About ten years ago I was working full time as a postman and working on the door twice a week. I was teaching four times a week and giving seminars almost every weekend. I also had twelve to fourteen hard workouts ranging from Judo to Muay Thai and JKD as well as running and conditioning. It was killing me. One day I got on the bus to go to work and I couldn’t pull the ticket out of the machine because my forearms had seized up. It was then I knew I had to change my lifestyle and approach to training. I knew that I would totally burn out if I kept up the lifestyle I had been in for much longer.

I switched my training to include a lot more of the softer parts of the arts I had been training in. The Kali, for example, became more enjoyable because I switched from heavy hitting with the stick to light carenza (shadowboxing). I also spent more time on technical sessions in the Judo and Thai boxing instead of just fighting or hitting the pads all the time. In essence I tried to mix my sessions up so that I was not just working all out all the time. I also began to look at some of the internal arts and softer systems to see if I could benefit from them in technique, training method, or outlook. I honestly believe that these arts have an immense amount of information that can help us advance in ways that some of the harder arts can’t.

As we grow and evolve in martial arts sometimes we stick to things that seem to offer an instant solution to our problems and once we have found that solution we stay with it at the expense of trying anything else. In this day and age in particular, where a lot of emphasis is put on combat efficiency and throwing out anything that does not work, I feel we could be overlooking some fantastic and important knowledge that could help us develop in many different ways. On the other side of the fence I have heard or read about many internal stylists who make incredible claims about their disciplines and decry the harder arts for being too physical. To a certain extent they may have a point, but they also may have to analyse their own training and ask themselves if they too should balance their workouts with some of the harder arts’ training methods. This is not to say that training in an internal system is not physically demanding but that the change of pace and use of different body mechanics and training methods may help them understand and shed light on their own and other arts in a way that can only enhance their growth.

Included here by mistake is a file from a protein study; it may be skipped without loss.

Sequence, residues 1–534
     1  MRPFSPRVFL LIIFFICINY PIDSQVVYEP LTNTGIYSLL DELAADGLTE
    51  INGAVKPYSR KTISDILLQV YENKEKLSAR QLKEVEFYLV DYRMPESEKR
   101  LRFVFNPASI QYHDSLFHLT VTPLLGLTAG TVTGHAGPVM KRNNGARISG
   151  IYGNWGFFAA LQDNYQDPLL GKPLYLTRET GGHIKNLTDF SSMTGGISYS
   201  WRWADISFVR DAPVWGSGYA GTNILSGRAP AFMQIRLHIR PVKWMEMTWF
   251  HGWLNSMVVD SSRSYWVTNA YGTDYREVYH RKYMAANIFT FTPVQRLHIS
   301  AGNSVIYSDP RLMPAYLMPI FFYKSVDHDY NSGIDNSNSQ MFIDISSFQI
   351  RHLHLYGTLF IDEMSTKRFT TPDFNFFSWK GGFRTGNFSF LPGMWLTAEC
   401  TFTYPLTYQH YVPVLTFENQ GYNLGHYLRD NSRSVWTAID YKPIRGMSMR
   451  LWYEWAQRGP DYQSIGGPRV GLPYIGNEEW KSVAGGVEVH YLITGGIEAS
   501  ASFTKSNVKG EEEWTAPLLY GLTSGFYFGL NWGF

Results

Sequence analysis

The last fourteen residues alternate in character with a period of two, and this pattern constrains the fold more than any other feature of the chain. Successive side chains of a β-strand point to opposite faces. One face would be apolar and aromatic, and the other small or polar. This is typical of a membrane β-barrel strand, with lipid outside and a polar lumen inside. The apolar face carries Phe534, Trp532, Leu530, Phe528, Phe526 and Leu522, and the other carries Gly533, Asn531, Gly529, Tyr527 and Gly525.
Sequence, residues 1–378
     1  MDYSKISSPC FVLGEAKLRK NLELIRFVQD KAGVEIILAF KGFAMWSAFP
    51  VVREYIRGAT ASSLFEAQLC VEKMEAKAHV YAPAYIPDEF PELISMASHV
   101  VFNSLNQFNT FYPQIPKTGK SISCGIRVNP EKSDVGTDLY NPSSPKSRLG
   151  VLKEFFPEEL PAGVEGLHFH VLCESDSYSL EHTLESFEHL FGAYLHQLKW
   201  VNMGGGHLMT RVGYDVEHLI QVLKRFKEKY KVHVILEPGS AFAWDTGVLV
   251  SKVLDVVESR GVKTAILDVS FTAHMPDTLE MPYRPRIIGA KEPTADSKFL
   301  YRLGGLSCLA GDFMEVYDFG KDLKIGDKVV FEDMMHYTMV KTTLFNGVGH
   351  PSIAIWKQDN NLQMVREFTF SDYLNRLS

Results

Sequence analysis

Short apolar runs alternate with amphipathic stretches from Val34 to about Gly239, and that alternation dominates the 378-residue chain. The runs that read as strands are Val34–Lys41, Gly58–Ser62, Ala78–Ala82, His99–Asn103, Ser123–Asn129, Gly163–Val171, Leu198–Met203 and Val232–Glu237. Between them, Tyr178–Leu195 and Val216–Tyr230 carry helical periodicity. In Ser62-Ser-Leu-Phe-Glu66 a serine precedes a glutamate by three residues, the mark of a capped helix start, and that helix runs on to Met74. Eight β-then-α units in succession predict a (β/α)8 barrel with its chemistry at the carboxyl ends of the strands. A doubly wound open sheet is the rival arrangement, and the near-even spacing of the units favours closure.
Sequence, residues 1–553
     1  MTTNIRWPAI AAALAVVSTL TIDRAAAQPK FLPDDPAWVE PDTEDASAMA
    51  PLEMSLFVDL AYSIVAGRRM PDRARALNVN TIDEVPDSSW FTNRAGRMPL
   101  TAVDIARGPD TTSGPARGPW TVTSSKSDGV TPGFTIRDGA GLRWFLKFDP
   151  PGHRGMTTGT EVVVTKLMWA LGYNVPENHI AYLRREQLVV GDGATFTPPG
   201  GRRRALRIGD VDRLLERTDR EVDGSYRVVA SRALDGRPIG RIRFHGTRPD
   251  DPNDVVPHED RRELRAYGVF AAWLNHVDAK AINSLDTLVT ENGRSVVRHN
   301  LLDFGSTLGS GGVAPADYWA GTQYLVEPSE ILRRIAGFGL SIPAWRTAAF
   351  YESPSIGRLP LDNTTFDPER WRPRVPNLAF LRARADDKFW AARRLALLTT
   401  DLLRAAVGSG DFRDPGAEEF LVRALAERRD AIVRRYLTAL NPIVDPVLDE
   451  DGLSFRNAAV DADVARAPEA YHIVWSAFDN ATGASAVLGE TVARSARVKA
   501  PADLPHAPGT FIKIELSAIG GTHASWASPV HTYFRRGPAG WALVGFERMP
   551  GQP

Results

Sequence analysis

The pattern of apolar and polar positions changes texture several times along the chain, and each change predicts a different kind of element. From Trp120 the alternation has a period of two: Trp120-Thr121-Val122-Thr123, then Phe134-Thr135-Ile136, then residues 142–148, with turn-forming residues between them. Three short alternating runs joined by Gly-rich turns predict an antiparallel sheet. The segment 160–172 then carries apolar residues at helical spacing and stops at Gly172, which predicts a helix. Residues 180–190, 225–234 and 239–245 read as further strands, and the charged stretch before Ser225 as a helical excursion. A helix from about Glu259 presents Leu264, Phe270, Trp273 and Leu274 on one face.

I have written before in this column about how everything we do as martial artists should have balance. I truly believe that if you are cross training not only should you understand each range and the arts that work within those ranges but you should also blend your training to include at least a little of either the external or internal systems to enhance your growth and further your education as martial artists. Now, in my own training, I try to keep in the best shape I can by training as hard as I can in the disciplines that help me reach this goal. A lot of the time too I go softer and focus on the more internal side of the arts and develop another facet of my skills and understanding. We may not have seen an internal stylist win Pride or UFC – yet – but let’s not underestimate the value and merit that these arts have both on their own and in conjunction with the other disciplines we practice.